• When Does An Insurance Co. Waive Atty-Client Privilege?

    Joan M. Cotkin

    A policyholder’s counsel might consider sending discovery requests inquiring whether the insurer-defendant claims to have acted legally at all relevant times, which we suspect the insurer-defendant is likely to respond in the affirmative — if it does so, will it have waived the privilege? asks Joan Cotkin of Nossaman LLP.

  • Brace For This Brief's Impact On The Supreme Court

    James H. Wendell

    SCOTUSblog founder Thomas Goldstein's no-party, no-argument amicus brief in M&G Polymers USA LLC v. Tackett is likely the first of its kind before the U.S. Supreme Court, making it one of the more intriguing developments of the upcoming term. It can demonstrate the power of a data-centric argument, says James Wendell of Riddell Williams PS.

  • Insurers, Be Ready To Pay Twice In Texas

    David B. Winter

    Recent decisions from the Texas Supreme Court and the Dallas Court of Appeals show that under Texas law, an insurer bears the risk of improper conduct by its insured in depositing a claim payment without obtaining the proper endorsement of all payees, says David Winter of Zelle Hofmann Voelbel & Mason LLP.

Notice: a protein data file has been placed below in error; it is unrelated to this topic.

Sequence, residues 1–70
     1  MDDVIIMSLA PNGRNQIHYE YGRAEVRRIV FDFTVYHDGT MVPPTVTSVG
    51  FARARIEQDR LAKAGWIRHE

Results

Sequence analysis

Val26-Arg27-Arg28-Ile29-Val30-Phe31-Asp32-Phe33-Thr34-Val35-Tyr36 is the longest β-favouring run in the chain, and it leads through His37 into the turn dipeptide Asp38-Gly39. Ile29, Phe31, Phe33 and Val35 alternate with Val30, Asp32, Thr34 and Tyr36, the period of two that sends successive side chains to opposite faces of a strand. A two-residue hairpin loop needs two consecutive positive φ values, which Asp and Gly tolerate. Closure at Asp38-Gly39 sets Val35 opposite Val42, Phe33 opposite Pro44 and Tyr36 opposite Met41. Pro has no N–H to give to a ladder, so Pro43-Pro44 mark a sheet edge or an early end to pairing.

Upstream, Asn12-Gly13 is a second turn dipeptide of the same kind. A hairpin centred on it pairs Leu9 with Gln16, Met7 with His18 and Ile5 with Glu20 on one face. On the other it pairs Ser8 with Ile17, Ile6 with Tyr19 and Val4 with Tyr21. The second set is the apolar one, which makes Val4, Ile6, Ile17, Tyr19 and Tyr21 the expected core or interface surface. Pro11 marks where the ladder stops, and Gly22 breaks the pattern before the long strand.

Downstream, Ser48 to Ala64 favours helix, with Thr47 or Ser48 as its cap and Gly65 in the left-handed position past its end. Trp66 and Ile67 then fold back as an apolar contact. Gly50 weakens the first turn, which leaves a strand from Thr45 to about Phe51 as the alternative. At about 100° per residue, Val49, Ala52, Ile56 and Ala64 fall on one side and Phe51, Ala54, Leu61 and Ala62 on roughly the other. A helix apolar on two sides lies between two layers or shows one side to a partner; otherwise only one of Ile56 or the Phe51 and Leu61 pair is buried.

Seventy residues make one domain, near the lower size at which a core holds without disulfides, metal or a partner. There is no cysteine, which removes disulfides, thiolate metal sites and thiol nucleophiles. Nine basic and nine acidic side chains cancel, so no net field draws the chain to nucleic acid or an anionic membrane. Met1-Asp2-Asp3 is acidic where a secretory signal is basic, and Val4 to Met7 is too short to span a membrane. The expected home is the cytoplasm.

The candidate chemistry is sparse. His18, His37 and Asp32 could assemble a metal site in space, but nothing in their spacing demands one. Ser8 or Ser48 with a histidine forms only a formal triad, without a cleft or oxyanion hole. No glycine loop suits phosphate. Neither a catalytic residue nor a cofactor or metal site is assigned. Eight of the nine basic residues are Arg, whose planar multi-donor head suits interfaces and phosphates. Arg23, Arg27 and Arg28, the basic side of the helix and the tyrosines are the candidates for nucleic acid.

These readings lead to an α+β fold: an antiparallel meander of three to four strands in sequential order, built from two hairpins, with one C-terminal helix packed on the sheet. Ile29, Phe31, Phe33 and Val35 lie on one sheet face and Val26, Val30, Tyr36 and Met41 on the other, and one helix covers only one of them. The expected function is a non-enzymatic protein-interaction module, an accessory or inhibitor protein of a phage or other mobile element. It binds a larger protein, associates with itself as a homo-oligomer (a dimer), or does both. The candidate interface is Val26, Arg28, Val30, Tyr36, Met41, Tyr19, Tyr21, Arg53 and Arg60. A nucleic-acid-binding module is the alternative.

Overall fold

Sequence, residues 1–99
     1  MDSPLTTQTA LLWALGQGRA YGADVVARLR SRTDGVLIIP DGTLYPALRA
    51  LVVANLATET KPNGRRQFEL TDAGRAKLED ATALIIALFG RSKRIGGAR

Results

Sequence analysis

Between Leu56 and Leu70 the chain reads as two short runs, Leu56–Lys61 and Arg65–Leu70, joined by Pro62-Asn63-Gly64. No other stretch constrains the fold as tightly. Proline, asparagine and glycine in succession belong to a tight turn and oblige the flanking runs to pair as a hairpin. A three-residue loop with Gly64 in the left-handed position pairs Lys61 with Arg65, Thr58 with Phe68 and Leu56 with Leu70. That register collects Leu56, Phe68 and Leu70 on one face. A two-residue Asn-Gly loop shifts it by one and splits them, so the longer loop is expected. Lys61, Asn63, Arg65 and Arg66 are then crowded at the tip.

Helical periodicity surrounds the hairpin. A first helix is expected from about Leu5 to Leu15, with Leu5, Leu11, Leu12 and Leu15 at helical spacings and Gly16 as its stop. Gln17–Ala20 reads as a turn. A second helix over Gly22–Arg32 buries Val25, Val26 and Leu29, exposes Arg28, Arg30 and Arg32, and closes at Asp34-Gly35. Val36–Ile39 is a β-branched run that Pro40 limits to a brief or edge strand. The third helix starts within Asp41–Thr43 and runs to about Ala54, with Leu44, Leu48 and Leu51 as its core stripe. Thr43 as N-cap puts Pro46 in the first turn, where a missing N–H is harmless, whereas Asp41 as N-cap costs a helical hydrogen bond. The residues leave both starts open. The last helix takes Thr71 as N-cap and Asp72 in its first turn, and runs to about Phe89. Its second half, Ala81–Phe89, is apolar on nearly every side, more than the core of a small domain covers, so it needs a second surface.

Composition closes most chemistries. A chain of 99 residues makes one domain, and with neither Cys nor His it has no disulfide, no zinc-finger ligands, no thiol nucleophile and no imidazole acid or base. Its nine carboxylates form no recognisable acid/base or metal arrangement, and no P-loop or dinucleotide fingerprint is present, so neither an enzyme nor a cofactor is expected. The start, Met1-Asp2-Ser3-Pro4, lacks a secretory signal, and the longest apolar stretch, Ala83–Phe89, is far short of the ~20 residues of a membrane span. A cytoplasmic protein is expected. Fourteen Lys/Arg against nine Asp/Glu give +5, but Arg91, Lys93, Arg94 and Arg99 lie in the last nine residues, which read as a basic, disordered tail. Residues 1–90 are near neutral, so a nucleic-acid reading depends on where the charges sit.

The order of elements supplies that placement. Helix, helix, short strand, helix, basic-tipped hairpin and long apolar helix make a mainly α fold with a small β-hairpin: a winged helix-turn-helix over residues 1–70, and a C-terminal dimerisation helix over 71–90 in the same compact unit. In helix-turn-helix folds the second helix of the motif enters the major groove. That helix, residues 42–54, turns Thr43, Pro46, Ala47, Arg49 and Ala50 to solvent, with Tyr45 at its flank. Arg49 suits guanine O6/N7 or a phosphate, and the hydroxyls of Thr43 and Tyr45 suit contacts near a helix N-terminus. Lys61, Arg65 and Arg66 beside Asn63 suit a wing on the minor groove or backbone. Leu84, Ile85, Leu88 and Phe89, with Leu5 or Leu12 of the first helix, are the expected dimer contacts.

• Ill. Joins State Trend On Malicious Prosecution Claims

    Jordon S. Steinway

    An Illinois appellate court's recent ruling in St. Paul Fire and Marine Insurance Co. v. The City of Zion is the first since 1979 to address the issue of trigger for malicious prosecution claims and, in finding that coverage is triggered the year the underlying malicious acts first occurred, the holding seems to push the state toward the majority trend, say Adam Fleischer and Jordon Steinway of BatesCarey LLP.

  • ACA Tax Subsidy Dispute May End Up Before High Court

    J. Peter Rich

    Given the political composition of the D.C. Circuit as it prepares to hear Halbig v. Burwell en banc, it is expected that the full court will rule in favor of the government, which may ultimately result in appeal to the U.S. Supreme Court, say J. Peter Rich and Lauren D'Agostino of McDermott Will & Emery LLP.